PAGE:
11:42 p.m. 8.Sep.99

Last Night the DJ Saved My Life
David Hunt on a train ride through Linz's VOEST steel plant

I've finally located the new frontier for radical activity in new media, and not surprisingly, it didn't take hours of web browsing or an award for perfect attendance at any of the Ars symposia for me to formulate my symbolic call to arms. Grab any program guide or catalog listing for the events at the festival and prepare to wade through an impenetrable string of knowing buzz-words, insider code, and all around feel good obscurantism. Set your bullshit detector for stun, and let your body be the judge when sampling from the smorgasbord of virtual, interactive, dynamically recombinant, multi-frequency, user-defined, self-regulating, ambient environments, because the text, my friend, is the slow boat to China.

The latest offender is Radian, who supplies the alternately ominous and abrasive soundtrack to the midnight train ride through the VOEST Steel Plant, the crazy Uncle hidden away under Linz's historical stairs, since it marks the site of Hitler's weapons production facilities during WWII. The press states that, "the Vienna group Radian will explore the zone of tension and interplay at the nexus of electronic and acoustic instruments. Reverberating from it will be a self-defined musical microcosm in which minimal shifts and modulations within its tonal and rhythmic structures determine the actual dynamics." Makes you nostalgic for the Robert Johnson complete box set now, don't it?

It's kind of sad since the "self' I want to be defining my musical microcosms begins with my own humble, tone deaf ear, and not the ill advised top-down prescription administered by the Radian press corps, whomever that might be. If a spoonful of sugar helps the medicine go down, how come I keep getting force fed semiotic hieroglyphs, right at the moment when my hopes should be soaring for a transcendent, noirish Grey Line tour of Austria's checkered military past.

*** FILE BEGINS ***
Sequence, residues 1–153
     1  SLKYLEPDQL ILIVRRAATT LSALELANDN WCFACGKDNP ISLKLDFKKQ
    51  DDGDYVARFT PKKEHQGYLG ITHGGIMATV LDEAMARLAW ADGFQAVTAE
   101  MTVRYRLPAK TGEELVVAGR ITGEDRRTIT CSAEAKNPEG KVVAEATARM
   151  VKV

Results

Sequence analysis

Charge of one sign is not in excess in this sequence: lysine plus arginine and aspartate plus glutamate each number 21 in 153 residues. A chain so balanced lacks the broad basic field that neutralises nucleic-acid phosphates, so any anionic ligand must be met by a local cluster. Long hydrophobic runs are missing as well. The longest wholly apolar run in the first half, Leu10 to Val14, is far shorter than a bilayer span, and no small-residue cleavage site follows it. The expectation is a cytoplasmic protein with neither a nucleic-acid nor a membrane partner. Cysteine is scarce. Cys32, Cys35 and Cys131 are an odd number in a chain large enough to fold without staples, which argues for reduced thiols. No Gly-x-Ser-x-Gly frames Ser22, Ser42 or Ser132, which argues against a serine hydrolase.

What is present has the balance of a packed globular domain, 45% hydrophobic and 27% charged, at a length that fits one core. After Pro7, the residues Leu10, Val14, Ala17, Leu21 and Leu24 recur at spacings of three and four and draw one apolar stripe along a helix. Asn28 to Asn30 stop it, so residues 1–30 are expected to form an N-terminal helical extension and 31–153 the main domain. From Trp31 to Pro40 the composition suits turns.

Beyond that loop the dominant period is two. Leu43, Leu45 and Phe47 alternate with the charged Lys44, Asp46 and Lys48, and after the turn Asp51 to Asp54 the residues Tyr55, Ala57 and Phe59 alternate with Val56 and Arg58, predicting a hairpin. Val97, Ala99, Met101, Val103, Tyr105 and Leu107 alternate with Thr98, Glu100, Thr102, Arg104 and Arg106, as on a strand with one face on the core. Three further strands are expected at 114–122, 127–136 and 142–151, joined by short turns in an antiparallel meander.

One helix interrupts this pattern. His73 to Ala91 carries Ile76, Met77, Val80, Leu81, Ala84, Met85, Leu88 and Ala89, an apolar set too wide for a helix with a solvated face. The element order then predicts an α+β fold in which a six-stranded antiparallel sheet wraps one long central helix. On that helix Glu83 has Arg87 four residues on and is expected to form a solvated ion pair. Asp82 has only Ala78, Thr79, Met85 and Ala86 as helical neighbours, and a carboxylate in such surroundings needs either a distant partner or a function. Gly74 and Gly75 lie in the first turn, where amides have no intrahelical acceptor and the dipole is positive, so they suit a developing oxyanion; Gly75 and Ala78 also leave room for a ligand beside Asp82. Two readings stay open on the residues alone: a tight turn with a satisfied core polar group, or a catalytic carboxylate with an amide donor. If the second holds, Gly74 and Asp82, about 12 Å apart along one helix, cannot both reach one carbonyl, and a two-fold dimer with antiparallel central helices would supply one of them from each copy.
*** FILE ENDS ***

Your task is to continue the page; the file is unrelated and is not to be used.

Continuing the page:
Doubly disturbing given that the train features retractable panoramic roofs that withdrew to reveal a jet black sky laced with billowing plumes of snow white smoke--swirling blue/violet acetyline flames to rival the Olympic torch ceremony, and giant funnels spilling molten lead into dismal, soot-streaked vats. The whole spooky, ruinous nature of the affair was practically an invitation to Radian's high pitched percussive tics, so twitty and arch, they nearly resembled a dog whistle. To be sure, "zones of tension and interplay" were the last things on my mind while taking in the Byzantine maze of dilapidated piping and scaffolds, illuminated by the train's roving spotlight on this 1 hour haunted carousel. Don't get me wrong-Radian's orchestral static will forever be associated in my mind with Linz's industrial graveyard--the two are at least as tightly woven as Bernard Hermann and Psycho, Philip Glass and Monster's of Grace. I just begrudge the preempting of any emotional response on my part by an acoustic experience that neither needs, nor deserves, an explanation.

Such is the primal nature of sound, that any programmatic definition of its contours, tends to rob it of its own dignity, not to mention that of its intended audience. I knew intuitively, as I suspect my fellow travelers did as well, that when the wheels began to roll, Radian's bleating electronic lament was meant to enhance the sense of discontinuity between a desolated monument to industrial dominance, and the ghostly flicker of its shadow past--not to drown it out. Anyone who doubts this, missed the lone freight train idling slowly on a parallel track as we began to pull into the station, its destination unknown, and seemingly unknowable. A grander metaphor for the inevitable, if blind march of progress would be tough to find, and a soundtrack that tried to upstage it, would quickly reveal its inadequacies.

So if you're wondering what the new frontier for radical activity is, it looks a lot like the old frontier, and most closely resembles, with all their shortcomings, the five senses.